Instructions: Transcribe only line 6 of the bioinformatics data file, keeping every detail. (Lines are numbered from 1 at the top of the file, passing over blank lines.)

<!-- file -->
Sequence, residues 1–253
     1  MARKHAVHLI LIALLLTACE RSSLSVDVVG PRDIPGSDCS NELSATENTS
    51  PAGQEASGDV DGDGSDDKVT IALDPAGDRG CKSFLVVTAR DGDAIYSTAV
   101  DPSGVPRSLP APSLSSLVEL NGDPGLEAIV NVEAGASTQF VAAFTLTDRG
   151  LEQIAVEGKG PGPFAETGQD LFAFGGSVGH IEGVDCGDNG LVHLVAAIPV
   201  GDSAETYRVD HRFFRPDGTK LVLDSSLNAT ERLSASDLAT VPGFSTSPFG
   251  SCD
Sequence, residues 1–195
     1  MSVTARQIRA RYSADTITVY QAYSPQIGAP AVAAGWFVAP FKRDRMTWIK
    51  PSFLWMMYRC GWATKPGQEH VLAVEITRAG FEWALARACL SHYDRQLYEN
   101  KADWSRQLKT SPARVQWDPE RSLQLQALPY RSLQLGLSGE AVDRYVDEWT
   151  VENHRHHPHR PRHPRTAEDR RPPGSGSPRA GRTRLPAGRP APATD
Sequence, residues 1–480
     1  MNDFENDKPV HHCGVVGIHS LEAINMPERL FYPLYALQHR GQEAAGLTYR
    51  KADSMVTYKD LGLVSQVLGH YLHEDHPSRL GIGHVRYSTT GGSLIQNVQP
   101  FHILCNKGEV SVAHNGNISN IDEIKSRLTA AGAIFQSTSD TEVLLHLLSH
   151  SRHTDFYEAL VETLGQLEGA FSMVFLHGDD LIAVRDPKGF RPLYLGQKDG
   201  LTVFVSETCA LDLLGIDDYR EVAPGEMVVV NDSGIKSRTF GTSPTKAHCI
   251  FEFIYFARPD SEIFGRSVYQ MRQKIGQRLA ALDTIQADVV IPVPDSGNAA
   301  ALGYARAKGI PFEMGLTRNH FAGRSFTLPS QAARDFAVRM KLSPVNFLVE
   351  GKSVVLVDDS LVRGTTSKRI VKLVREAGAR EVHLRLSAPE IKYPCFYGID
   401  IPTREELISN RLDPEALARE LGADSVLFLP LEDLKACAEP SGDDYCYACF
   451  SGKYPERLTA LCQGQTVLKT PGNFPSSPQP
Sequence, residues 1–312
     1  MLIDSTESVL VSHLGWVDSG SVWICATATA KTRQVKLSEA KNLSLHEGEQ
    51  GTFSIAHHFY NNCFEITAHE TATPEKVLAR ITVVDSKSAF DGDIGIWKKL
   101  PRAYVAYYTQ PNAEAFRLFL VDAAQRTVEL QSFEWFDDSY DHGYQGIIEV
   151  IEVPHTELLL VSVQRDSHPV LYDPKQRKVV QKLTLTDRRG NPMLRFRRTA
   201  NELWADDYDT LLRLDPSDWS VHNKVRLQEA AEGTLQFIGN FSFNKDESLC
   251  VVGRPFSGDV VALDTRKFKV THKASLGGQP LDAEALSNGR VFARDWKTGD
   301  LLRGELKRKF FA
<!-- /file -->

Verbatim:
   201  GDSAETYRVD HRFFRPDGTK LVLDSSLNAT ERLSASDLAT VPGFSTSPFG